If elected governor in November, Republican Dan Maes said that he might be inclined to turn his back on a century of water law.
He told the Colorado Water Congress Saturday, speaking of water rights, “If it starts in Colorado, it’s our water.”
What he may mot know is that in Colorado, water is property and it is divvied up based on what is called “prior appropriation.” It doesn’t matter where water falls, or where snow melts because it probably belongs to someone else. You could own land on both sides of the Colorado River for miles on end, for instance, and not have the right to take a single drop from the river — unless you owned the water rights to do so. In theory those rights could be owned by a city 50 miles from the river and a thousand miles downstream.
Essentially, water belongs to whoever claimed it first.
One water attorney, who asked not to be named, said that what Maes apparently wants to do “amounts to a taking of private property.”
The Colorado River Compact, signed by seven states in 1922, governs who gets water and in what amounts, from the Colorado River. If, as governor, Maes took the stance that it was all Colorado’s, he and the state would end up in no small amount of trouble.
“We have all these compacts that require us to deliver water to all these downstream states,” said water lawyer Peggy Montano, partner and president of the law firm Trout, Raley, Montano, Witwer and Freeman. She then named nine different compacts governing various rivers and watersheds and named 11 states that have a legal right to water that comes from Colorado.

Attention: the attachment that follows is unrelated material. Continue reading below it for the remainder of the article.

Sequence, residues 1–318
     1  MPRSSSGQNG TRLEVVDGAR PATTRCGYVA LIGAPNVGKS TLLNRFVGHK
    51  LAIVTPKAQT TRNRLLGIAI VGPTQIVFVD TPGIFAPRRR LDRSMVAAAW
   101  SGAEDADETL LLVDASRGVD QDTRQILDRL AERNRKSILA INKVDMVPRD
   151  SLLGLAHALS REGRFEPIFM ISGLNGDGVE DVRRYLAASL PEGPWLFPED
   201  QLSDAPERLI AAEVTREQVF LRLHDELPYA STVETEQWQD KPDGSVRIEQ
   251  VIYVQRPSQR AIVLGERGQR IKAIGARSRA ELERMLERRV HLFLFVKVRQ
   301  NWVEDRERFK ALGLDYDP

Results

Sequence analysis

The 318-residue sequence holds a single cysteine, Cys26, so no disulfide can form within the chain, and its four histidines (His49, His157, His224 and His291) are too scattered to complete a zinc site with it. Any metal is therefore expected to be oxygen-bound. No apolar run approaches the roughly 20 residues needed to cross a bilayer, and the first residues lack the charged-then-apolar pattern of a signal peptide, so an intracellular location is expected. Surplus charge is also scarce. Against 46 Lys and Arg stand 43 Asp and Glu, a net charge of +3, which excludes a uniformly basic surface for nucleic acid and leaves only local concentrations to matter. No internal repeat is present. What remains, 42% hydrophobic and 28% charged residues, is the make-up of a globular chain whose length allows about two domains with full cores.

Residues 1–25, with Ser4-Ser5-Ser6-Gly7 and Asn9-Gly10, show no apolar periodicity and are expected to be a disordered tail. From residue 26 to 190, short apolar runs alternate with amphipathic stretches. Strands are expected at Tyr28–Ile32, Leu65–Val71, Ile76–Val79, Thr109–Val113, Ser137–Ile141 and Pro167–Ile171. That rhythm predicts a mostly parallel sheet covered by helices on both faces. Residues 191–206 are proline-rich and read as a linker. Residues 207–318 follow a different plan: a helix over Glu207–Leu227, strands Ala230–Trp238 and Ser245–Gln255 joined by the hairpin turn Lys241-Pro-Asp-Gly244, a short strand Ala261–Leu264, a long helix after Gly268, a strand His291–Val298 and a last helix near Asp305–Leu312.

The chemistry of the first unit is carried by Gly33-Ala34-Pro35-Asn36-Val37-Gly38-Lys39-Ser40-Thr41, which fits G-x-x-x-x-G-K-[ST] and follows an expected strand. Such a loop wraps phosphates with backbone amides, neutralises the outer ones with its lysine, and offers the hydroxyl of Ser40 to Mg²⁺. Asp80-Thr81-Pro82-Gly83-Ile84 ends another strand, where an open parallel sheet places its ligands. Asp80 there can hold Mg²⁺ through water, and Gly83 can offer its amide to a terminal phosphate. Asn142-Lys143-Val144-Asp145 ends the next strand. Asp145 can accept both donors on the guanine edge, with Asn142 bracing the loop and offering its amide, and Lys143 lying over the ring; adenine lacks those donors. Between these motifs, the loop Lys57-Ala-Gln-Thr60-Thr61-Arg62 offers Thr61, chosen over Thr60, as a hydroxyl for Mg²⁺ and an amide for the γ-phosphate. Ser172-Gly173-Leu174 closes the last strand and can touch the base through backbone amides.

Asked if a governor could unilaterally change any of these compacts and keep the water in Colorado, she said no and added that if a governor tried he or she would probably end up as a defendant in the United States Supreme Court.
“It’s amazing that he said that,” she said.
Mike Saccone, communications director for the Colorado Attorney General’s Office, confirmed everything Montano said. “There are nine interstate compacts and agreements that dictate how much water stays in Colorado and how much water flows to other states.” He said any governor that tried to keep more water in Colorado than allowed by these agreements would probably be sued by the aggrieved state and that such litigation would be heard by the United States Supreme Court.
Maes also said, as quoted in the Cortez Journal, “There is not a head of cattle or a field of crops that will want for water because of a green yard in Denver on my watch, I promise you that.”
Again, it comes back to a question of law, and Denver owns some very senior water rights, giving the Denver Water Board the right to deliver water to people who want green yards. Absent agreement by Denver, Denver’s water cannot simply be allocated to other users.
The Denver Water Board preaches conservation and Denver Mayor and Democratic gubernatorial candidate John Hickenlooper, speaking to the same group said that even though Denver may have the water rights, he believes that on some level the water belongs to everyone.
“In the end, maybe it’s not Denver’s water. Maybe it’s all of our water,” he said.
A phone call to Maes was not returned.